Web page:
Saturday, December 19, 2009

Holiday "Prime" Rib Roast

Thinking of a big slab o' beef for Christmas? Want to do a rib roast, but you're afraid to for fear you'll screw it up? Don't feel like you're alone. It's actually quite simple - a matter of putting the roast in the oven and taking it out when it's done, but somehow that intimidates people, probably because they're concerned that they'll spend a big chunk of dough on a roast and that something will somehow go wrong. Fear not.Your first step is to get the right roast. Rib roasts are generally sold as "prime rib", but finding USDA Prime beef is gonna be difficult and you'll probably have to settle for USDA Choice. No worries, it's still going to be good. Get one rib for every two people unless you want lots of sandwiches - in which case you'll want a larger roast.

After that, it's a simple matter of following the instructions on the accompanying videos from Alton Brown. I'm shamelessly stealing from him because he's already done all my work for me and gone into his typical excruciating detail in the process. Yes, I know the instructions are bass-ackward from every recipe you've ever seen except perhaps in Cook's Illustrated. They're also foolproof. Just ignore all your cookbooks and you'll have a roast that looks like this one I cooked at my daughter's last Christmas. Beautifully rare to medium rare all the way through, with no well-done parts on the outside of the roast. WooHOO!

Just a few caveats. If you're fortunate enough to find dry-aged beef you can eliminate Alton's aging step. Here's a shameless plug for Wegmans if you have one near you - I've never seen so many dry-aged roasts in one place. This is also where I plug the finest beef you'll buy, which is expensive and more challenging to get than running down to the supermarket but worth every penny. Just call Bryan Flannery and order one. If you do it by Tuesday you can have it for Christmas because he'll overnight it to you and you'll still have a day for it to thaw. Tell him you read about him here. His phone number is on his website.

A second caveat is that you can eliminate the terra cotta pot. Its purpose is to stablize the heat in your oven but it's not really necessary. There will be some fluctuations as the oven cycles on and off, but I've done about a dozen rib roasts without the pot and they've all been perfect. Oh - - - one more piece of information. Your roast will take about 4 to 4 1/2 hours to cook no matter how large it is, because the diameter remains constant and it's just the length that changes. Add the resting time and the blasting time and you're up to somewhere around 5 hours. No matter what, though, get yourself a probe thermometer. There's a link under my favorites on the right-hand side of the page so you can get a Polder from Amazon and I'll make a few pennies.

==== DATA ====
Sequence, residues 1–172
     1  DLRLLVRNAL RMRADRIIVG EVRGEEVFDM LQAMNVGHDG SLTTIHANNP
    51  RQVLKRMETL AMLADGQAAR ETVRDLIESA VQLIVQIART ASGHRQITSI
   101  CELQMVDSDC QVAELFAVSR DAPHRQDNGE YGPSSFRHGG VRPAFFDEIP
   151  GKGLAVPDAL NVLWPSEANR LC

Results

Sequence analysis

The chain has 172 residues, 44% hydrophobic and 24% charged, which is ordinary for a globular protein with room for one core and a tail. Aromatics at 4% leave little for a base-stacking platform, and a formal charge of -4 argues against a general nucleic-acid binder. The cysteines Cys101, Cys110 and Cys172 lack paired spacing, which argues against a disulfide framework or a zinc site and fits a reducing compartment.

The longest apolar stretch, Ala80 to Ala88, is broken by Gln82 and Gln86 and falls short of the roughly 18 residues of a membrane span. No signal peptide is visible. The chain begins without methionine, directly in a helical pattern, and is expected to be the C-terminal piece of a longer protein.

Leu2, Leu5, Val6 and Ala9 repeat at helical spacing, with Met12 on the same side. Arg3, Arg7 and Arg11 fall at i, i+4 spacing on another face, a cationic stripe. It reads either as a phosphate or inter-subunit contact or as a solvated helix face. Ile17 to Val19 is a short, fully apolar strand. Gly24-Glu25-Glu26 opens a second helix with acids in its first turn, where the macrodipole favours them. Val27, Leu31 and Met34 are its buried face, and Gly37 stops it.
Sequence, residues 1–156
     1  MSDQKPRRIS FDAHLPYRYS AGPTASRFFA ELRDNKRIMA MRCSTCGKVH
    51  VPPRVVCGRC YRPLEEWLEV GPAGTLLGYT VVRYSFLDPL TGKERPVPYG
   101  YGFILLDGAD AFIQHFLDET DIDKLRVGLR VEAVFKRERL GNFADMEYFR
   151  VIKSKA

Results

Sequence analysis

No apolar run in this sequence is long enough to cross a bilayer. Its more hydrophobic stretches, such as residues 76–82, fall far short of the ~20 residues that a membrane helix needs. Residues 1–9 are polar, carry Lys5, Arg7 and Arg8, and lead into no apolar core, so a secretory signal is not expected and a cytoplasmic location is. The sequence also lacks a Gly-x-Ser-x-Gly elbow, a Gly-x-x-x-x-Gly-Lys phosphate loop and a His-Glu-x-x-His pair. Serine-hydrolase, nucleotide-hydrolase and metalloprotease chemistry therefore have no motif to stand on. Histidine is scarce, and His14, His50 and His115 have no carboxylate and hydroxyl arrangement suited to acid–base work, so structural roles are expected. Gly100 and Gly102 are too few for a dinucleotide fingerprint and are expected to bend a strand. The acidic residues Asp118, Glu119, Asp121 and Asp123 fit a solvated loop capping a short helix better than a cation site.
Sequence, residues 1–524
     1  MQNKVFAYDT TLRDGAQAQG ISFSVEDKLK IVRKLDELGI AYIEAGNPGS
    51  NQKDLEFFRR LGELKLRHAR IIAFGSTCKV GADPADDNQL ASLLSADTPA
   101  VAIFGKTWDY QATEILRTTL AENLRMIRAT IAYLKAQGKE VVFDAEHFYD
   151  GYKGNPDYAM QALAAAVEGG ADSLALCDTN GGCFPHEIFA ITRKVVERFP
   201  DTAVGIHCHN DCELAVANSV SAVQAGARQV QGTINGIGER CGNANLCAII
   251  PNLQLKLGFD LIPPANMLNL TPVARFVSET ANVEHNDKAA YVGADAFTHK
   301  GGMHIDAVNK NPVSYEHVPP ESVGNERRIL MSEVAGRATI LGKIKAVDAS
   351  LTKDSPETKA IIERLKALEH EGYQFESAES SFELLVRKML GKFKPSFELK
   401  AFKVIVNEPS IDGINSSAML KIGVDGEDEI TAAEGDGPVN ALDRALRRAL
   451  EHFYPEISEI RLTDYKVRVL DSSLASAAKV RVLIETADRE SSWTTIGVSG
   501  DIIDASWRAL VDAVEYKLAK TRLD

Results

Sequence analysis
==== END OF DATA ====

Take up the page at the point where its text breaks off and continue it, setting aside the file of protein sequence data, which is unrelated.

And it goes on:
If you're worried that dinner might get delayed, give yourself 6 hours start to finish and you should be fine. It takes a long time for a roast to cool down after cooking, so you can always hold it for a bit. Oh, and one more thing. There's no way a roast that weighs more than a couple of pounds will warm to room temperature in an hour, so pay no attention to that little instruction from Alton. Take it out of the fridge AT LEAST 3 hours before you plan to cook it.

Here are the two videos that make up the show Alton did on rib roasts. Make notes if you must, but watch them and follow the directions. You won't be sorry. Serve with a nice cabernet or, better yet, a Bordeaux with a few years of age on it. Or something with a lot of syrah in it, as I did last year.


  1. haven't been in for a while and am just catching up on what I'd missed Great way to do a roast. Am going to give this a go. I hope you don't mind but want to post this on my facebook so a few of my friends and family can see this. Let me know if you would prefer I don't. Cheers

  2. Hey, Mr. Bob,
    That's a little on the raw side, wouldn't you say? I'd be sending it back to the kitchen - sorry 'bout that!
    You like "blue" steaks, I betcha!

  3. Thanks for the fun "How to" on cooking a rib roast. Great stuff!